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Birth control pill, also called oral contraceptive pill or simply the pill, is a form of birth control method used by many women worldwide. Birth control pills help to prevent unwanted pregnancy with 99% effectiveness. The pills contain synthetic female hormones estrogen and progesterone and act by suppressing ovulation and preventing the sperm from reaching the egg.

There are two types of oral contraceptive pills, combination contraceptive pills that contain both estrogen and progesterone and the pills containing only progesterone. Both types of the pills work by preventing conception although most women prefer combination pills.

However, birth control pills can cause side effects. Common side effects of the pills include spotting, irregular or lighter headaches, weight gain, mood changes and breast tenderness. Woman’s hormone levels will usually determine whether she will experience the side effect of particular type of the pill. This can be prevented by switching to other type of the pill with different levels of hormones. On the other hand, if done abruptly, this switch from one to another type of oral contraceptive pill can also cause some side effects. Therefore, a woman must know how to conduct the change in birth control pill intake to avoid any unwanted effects.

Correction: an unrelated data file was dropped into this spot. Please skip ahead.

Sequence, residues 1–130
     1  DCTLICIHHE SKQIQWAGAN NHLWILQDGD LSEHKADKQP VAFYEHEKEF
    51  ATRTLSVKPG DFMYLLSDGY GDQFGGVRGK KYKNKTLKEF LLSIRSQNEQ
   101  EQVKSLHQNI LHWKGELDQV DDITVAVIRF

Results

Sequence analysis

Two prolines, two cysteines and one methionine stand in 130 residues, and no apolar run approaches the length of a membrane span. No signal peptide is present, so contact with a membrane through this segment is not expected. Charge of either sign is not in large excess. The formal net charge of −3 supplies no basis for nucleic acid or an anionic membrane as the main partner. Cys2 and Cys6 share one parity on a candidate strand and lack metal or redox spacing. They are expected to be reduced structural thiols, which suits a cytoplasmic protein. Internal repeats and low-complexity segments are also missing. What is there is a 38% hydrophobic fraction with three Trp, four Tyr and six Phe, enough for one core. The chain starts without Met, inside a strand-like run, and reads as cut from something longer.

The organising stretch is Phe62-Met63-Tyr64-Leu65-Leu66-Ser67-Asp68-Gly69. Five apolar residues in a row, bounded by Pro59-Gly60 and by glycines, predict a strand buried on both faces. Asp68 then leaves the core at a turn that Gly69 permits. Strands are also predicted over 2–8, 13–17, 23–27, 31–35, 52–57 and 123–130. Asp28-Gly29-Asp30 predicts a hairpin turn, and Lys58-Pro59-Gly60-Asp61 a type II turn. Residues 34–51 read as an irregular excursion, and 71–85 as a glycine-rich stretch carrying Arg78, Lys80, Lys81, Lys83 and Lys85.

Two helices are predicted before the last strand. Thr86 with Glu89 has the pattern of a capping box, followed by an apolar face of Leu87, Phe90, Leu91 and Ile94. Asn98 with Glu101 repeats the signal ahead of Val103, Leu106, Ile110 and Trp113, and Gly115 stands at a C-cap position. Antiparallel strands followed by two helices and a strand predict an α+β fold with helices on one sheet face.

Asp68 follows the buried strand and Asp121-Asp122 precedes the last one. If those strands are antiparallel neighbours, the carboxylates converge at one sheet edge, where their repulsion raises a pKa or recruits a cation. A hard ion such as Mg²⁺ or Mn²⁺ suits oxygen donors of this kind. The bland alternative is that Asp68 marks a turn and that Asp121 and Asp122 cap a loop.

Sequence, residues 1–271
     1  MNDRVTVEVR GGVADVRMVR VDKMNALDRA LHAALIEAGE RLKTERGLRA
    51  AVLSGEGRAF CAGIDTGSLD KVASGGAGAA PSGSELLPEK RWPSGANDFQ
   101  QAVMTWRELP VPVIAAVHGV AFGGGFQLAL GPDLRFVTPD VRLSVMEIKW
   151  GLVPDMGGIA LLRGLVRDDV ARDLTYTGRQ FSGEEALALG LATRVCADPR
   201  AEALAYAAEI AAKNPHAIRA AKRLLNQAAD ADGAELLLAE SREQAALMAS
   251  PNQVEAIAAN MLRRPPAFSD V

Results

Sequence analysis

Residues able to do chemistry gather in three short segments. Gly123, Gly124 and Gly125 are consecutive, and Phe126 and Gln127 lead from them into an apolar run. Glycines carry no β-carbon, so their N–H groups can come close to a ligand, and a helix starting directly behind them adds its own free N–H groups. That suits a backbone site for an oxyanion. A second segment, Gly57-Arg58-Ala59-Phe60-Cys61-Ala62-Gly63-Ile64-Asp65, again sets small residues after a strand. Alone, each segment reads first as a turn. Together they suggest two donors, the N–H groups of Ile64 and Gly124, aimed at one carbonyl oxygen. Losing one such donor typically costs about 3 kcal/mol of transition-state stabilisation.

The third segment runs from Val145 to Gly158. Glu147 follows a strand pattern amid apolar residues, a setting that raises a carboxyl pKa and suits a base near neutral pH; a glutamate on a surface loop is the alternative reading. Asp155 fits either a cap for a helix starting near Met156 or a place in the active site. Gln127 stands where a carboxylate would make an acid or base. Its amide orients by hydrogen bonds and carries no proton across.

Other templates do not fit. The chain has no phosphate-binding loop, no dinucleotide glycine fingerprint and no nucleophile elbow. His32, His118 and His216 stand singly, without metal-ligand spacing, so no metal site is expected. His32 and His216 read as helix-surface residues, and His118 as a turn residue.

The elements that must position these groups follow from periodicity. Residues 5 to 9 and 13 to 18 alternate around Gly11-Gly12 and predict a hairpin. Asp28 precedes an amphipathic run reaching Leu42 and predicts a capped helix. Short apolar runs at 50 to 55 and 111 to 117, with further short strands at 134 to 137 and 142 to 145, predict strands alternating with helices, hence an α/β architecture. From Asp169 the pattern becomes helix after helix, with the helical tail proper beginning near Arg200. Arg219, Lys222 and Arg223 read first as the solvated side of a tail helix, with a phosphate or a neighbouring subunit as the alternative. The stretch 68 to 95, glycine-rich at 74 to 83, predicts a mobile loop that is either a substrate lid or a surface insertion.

How Does The Pill Work?

Normally, a conception occurs when sperm fertilizes a woman’s egg released from the ovaries. The egg is released during an ovulation that takes place during every menstrual cycle. This process is controlled by hormones in the female body. Birth control pills interfere with natural cyclical hormones to prevent pregnancy from occurring.

Birth control pills can work in three ways depending on the type of the pill. Oral contraceptive pills may prevent the ovaries from releasing the egg, alter the lining of the uterus or help thickening of the cervical mucus to prevent the sperm from entering the womb.

Birth control pills should be taken every day at the same time for 21 days. If only one pill is missed, the risk of pregnancy increases. After 21 days, pills should not be taken for 7 days or a woman may take placebo or hormone-free pills. After that, the new pack has to be started immediately.

Switching Birth Control Pills

Birth control pills can cause side effects such as nausea, vomiting, bloating, weight gain, headache, fatigue and dizziness. This is usually experienced during the initial days of taking the pills until the body adjusts to hormonal changes. Still, some women may suffer the side effects for a longer period of time. In that case, it is recommended to switch between different types of the pills until most suitable are found.

However, this must be done in a controlled manner to avoid negative effects caused by the switch. A woman should not start with the new type of oral contraceptives until intake of the old one is not completely finished. Also, in the beginning, new birth control pill will not be entirely effective. It takes time for the body to adjust so additional birth control method should be used.

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